A two-year project looking at wildfires in South Wales has recently been completed
News from Forest Research: July 2011
The joint project, involving Forest Research, Coed y Cymoedd Forest District and two Welsh Fire and Rescue Services, looked at the social context in which wildfires occur in the South Wales Valleys and explored the potential reasons behind incidences of deliberately started wildfires.
On average there are over 5000 wildfires – including both grass and forest fires – in South Wales annually, which is more per unit area than anywhere else in the UK. The perception is that the majority of these are started deliberately. Our research found that areas with higher levels of relative deprivation experienced higher numbers of fires. However, the majority of local residents do not see a problem with wildfires, although they do recognise that they are largely deliberately started.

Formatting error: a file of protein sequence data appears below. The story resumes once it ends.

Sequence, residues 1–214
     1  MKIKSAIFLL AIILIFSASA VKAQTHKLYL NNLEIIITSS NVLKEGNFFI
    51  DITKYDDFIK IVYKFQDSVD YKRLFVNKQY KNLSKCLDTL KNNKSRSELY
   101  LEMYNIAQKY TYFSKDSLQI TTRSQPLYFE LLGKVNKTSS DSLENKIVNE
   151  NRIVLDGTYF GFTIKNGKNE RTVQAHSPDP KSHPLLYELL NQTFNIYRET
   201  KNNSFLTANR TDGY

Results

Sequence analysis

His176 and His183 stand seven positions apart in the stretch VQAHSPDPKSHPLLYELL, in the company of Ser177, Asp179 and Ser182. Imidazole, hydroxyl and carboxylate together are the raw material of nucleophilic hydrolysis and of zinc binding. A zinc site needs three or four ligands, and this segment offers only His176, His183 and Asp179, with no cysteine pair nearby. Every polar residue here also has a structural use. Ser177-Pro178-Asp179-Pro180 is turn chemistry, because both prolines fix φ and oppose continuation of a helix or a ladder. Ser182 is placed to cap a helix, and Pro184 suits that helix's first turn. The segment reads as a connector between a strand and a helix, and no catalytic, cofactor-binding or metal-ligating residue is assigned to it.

The researchers interviewed a selection of young people, some of whom had set fires. The young people attributed fire-setting behaviour to levels of boredom and a lack of engaging activities in their local area. In addition, youth workers felt that there was a lack of connection between young people and the surrounding natural environment.
Findings from the research have been used by Coed y Cymoedd Forest District to improve the way they deal with fire-setting and their relationships with external partners and stakeholders.
Jake Morris will be presenting more details of this research on behalf of Matthew Jollands and Andy Moffat at ‘Wildfire 2011’, which takes place on 14 and 15 of September 2011, at Buxton in the Peak District.